Stephanie Z

Stephanie Z
Posted: Monday, June 29, 2015 5:13 PM
Joined: 12/15/2011
Posts: 4218

Posted: Wednesday, July 1, 2015 10:34 AM
Joined: 6/25/2015
Posts: 26

Wish this could be pinned to the top somehow...

l'm new here - and I have to say that BY FAR the most helpful tools I have found in regards to understanding dementia/Alzheimers, I found right here in this forum.

These tools were also instrumental in assisting my family members in understanding what is happening to mom.

If you read nothing else, read Understanding the Dementia Experience (link in original Newcomer post here)... and please don't miss the Teepa Snow videos:

There is much comfort that comes from understanding how to interact with mom without upsetting her.

Thank you to EVERYONE on this forum for all you do to help others navigate through loving someone with dementia.

Posted: Wednesday, July 1, 2015 6:39 PM
Joined: 6/16/2015
Posts: 55

Thank you Stephanie Z- Haven't had any resources prior to this
Posted: Thursday, July 2, 2015 11:01 PM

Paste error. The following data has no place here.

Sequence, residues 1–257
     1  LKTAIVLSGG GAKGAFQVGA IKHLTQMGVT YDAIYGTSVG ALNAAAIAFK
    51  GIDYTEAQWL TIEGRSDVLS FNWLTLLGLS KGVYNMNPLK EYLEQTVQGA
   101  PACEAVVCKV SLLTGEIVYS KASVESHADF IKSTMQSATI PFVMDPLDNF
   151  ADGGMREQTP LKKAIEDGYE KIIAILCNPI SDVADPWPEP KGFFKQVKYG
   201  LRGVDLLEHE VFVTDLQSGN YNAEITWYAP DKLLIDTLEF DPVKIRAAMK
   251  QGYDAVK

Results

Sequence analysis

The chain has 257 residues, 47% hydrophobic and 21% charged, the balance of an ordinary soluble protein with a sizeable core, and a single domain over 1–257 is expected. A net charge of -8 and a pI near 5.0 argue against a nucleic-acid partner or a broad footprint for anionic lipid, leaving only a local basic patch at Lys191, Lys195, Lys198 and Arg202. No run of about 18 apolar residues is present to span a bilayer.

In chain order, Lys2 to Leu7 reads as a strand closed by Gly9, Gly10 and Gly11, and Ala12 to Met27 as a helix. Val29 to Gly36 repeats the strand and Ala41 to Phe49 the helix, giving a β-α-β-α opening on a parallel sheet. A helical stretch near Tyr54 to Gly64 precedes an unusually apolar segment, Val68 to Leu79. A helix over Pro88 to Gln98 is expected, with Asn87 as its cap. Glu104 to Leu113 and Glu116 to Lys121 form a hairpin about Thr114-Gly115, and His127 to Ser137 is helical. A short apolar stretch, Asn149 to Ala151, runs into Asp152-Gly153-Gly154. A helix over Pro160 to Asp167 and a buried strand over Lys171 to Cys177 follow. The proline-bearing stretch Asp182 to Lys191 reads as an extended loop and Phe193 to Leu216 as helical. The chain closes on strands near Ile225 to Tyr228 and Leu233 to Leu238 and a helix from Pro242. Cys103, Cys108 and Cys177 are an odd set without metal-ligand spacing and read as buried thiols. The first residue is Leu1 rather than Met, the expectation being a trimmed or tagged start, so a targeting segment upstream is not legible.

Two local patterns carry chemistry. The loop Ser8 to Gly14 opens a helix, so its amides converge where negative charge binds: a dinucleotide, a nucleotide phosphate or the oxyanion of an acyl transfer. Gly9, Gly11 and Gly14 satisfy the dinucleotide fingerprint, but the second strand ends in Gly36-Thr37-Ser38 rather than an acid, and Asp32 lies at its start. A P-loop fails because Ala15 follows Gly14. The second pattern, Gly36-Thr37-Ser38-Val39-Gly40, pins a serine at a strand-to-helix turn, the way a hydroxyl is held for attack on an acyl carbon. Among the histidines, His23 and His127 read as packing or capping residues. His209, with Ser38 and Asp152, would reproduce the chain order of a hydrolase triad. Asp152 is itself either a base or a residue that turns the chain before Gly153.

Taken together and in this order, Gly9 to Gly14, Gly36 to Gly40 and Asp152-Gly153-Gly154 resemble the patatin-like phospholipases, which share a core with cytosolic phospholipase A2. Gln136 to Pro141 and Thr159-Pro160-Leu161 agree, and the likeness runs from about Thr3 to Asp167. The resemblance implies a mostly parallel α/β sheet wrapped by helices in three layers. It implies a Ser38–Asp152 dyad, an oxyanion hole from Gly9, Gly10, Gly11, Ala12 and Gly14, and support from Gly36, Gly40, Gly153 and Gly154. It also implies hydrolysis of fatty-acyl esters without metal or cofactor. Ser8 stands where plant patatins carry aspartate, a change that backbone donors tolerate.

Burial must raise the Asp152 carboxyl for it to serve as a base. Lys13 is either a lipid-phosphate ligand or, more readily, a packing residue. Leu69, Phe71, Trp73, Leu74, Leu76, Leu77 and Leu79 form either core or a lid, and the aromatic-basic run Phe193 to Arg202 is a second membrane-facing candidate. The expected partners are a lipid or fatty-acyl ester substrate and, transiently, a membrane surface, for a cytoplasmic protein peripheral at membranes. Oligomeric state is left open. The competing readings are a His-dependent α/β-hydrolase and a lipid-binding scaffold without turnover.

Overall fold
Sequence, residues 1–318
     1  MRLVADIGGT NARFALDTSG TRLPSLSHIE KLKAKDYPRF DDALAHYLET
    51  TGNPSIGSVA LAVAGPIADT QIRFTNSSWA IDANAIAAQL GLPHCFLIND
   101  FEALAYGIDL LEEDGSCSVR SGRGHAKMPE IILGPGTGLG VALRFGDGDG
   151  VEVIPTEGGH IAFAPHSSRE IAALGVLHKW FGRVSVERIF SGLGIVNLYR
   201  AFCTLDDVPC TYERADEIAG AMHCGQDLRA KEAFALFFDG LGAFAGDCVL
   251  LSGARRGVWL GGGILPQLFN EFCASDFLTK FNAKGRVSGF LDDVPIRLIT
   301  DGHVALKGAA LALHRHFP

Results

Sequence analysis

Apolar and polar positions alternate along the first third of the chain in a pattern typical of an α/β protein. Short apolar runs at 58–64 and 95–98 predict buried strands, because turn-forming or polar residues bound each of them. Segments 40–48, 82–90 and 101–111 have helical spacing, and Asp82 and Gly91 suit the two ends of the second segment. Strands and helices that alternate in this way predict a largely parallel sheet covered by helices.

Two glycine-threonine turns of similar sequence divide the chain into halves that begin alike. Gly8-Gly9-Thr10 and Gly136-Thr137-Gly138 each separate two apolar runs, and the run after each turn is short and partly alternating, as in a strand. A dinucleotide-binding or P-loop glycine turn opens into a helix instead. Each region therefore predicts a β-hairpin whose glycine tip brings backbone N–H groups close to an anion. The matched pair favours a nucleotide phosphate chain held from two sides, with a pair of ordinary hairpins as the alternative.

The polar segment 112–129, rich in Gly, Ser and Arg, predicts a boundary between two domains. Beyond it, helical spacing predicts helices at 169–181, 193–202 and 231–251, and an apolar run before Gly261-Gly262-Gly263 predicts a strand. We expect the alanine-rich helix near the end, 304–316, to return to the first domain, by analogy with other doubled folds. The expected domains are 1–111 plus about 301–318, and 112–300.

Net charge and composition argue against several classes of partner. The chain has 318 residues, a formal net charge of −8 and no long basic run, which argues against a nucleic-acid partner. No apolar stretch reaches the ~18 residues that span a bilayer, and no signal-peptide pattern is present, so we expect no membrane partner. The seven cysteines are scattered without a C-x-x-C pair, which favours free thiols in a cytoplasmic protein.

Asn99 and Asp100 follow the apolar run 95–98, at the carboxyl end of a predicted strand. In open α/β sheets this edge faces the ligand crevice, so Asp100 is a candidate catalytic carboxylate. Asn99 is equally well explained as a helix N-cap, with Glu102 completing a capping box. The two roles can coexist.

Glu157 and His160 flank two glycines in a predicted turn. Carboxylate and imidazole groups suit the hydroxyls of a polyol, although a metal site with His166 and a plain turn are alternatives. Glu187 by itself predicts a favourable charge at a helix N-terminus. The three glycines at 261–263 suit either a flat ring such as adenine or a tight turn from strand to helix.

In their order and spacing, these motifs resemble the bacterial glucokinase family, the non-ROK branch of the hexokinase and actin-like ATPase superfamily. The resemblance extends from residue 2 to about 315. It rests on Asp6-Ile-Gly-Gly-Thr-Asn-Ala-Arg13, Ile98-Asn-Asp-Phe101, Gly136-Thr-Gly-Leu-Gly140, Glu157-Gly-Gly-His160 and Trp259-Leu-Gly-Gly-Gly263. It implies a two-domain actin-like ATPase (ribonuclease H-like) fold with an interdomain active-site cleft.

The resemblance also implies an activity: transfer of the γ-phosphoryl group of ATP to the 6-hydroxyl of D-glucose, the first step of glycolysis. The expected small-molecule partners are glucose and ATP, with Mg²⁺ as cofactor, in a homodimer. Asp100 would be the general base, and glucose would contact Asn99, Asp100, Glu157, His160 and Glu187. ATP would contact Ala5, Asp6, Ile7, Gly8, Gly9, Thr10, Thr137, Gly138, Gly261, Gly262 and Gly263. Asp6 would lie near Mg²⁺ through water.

Joined: 3/7/2015
Posts: 77

Thank you for all of the resources Stephanie! They are all a big help to everyone.
Stephanie Z
Posted: Saturday, July 4, 2015 10:33 AM
Joined: 12/15/2011
Posts: 4218

Posted: Tuesday, January 10, 2017 2:12 PM
Joined: 1/10/2017
Posts: 1

Hello everyone,

I am very new to Dementia, as my mother was diagnosed while in rehab in December (2016), and they didn't tell me. I found out because of the list of medications they gave me to give to her doctor at an appointment. Needless to say, I called the doctor who diagnosed her and told him how I found out, and asked what type she had; he said it was senile dementia, but I believe it is vascular dementia based on what I have read. My mother is almost 83 and had a stroke in 2015, and her memory has not been the same since. I honestly thought her memory issues were due to old age -- now I am learning that I was wrong.  I also am concerned that this could happen to me and/or my siblings.  I was able to move my mom into an assisted living facility the beginning of this month, which she wanted, so I didn't have to fight her over that, thankfully.

I have had a Durable POA (with medical clause), Healthcare Surrogate, & Living Will for years, so I have all of that under control, and I have handled my mother's affairs for about 15 years now.

Any advise you can offer to me?  What can I expect?  Should I request any particular testing? Should it be done on a regular basis? Etc...